The procedure of ICC is that once a bowler is reported for suspected action, he/she is sent for a biomechanical test wherein the player is tested by experts using computers in a lab. Then he/she is either cleared or sent for a remedial procedure to correct the ‘arm bend’ if he/she is found to be breaching the 15 degree threshold. Most bowlers ever reported, right from the legendary Muttiah muralitharan to Taskin of Bangladesh have cleared the lab tests or come back with a remedial action. But, invariably all the players are found to be chucking the ball again during the matches. So, two things become clear...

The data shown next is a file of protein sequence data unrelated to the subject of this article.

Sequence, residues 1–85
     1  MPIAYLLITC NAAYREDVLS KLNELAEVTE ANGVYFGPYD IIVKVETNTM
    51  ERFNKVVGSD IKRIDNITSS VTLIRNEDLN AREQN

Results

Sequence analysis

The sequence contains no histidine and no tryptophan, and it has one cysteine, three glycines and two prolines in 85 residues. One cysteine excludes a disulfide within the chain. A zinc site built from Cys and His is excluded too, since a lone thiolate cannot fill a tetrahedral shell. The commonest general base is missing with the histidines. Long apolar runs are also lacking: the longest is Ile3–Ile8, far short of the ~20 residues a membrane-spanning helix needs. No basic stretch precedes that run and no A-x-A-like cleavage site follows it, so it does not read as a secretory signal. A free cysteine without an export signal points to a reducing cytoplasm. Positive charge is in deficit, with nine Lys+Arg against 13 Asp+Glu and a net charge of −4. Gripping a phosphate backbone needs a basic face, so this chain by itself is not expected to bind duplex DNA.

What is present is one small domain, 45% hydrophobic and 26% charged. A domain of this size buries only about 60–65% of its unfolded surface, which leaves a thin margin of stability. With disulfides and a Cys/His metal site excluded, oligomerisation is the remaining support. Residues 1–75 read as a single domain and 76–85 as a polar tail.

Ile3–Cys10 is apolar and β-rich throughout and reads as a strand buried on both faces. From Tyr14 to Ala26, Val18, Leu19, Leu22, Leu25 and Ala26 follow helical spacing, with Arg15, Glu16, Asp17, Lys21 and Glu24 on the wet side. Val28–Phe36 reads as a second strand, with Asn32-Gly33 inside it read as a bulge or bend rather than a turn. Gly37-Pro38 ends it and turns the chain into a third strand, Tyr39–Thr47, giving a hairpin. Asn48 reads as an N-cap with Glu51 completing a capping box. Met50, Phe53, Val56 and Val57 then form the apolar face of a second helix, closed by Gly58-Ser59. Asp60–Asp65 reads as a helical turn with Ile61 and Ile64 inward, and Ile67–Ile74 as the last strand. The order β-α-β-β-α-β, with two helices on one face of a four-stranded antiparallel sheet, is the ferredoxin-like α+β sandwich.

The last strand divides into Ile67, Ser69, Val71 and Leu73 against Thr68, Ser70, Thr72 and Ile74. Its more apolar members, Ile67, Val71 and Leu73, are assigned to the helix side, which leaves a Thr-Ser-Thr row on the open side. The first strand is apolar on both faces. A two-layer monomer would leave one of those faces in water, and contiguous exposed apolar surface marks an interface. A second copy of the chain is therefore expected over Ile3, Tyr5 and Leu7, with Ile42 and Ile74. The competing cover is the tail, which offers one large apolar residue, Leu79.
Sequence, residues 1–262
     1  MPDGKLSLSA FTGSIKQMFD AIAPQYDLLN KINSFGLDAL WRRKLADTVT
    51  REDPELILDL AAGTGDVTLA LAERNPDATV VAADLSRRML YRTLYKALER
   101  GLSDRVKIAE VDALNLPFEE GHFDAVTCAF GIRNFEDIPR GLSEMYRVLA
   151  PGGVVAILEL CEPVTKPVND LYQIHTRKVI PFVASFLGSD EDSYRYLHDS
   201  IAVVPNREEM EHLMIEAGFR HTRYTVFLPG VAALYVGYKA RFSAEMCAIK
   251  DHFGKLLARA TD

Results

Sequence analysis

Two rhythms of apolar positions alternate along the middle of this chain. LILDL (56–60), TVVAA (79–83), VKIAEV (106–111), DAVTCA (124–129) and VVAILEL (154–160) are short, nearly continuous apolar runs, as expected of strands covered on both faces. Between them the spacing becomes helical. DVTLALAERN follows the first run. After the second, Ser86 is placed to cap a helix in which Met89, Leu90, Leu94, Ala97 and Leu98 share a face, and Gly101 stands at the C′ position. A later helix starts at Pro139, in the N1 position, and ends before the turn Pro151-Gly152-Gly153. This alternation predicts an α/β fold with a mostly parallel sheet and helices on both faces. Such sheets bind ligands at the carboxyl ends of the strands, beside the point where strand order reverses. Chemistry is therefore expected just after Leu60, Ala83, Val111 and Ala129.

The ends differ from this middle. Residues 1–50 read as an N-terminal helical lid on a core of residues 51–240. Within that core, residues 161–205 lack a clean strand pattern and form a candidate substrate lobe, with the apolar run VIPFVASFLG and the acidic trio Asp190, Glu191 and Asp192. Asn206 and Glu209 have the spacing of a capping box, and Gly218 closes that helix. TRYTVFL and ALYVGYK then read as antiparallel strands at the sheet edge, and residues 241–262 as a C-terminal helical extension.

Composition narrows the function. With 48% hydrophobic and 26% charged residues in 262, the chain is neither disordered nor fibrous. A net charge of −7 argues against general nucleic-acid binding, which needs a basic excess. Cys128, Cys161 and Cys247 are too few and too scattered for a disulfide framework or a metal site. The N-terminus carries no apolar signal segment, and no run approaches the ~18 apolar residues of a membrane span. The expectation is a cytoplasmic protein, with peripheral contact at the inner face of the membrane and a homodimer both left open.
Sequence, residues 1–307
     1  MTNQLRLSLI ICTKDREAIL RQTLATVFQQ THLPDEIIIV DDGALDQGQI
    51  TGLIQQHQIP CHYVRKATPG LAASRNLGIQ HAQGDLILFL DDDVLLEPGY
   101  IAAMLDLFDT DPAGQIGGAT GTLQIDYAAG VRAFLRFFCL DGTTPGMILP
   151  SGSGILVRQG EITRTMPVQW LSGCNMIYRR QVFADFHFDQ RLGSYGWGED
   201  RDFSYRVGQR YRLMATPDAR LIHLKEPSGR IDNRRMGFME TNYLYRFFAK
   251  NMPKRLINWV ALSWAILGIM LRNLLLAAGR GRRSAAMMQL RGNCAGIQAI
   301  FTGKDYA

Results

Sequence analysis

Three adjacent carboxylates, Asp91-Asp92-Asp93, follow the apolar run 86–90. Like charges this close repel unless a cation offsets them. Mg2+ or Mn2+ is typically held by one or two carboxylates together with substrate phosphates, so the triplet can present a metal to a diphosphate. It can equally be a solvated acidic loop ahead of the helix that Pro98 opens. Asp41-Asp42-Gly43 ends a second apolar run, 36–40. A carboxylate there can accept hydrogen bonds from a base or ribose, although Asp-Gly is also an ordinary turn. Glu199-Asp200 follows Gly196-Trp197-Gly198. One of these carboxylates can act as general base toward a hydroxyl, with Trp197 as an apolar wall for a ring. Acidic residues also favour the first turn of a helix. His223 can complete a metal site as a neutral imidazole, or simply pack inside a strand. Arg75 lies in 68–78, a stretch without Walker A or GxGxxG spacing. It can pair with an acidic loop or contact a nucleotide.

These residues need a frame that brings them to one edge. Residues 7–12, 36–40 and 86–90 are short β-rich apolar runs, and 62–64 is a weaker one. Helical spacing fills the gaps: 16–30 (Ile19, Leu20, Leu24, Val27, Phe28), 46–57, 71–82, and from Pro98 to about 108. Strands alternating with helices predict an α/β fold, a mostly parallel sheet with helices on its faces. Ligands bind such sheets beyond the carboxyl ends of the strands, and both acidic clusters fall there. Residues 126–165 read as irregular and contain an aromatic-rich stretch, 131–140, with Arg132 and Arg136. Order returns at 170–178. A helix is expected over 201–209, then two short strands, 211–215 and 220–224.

One, the ICC’s lab tests are not foolproof. It enables the player to escape scrutiny by ‘bowling legally’ under the watch of experts and later do the mischief of chucking in real-field conditions. So, what’s the use in checking a player under simulated conditions when the ICC very well knows that he/she is not going to commit the crime under watch? So this leads to introspection for a better monitoring and reprehensive mechanism. ICC could probably move to a system followed in football, wherein the referee can send the player off the field using a red card. With adequate technology like ultra Slow motion capture available today, the Cricket third umpire or match referee can observe a chucking player and catch him red-handed on the field.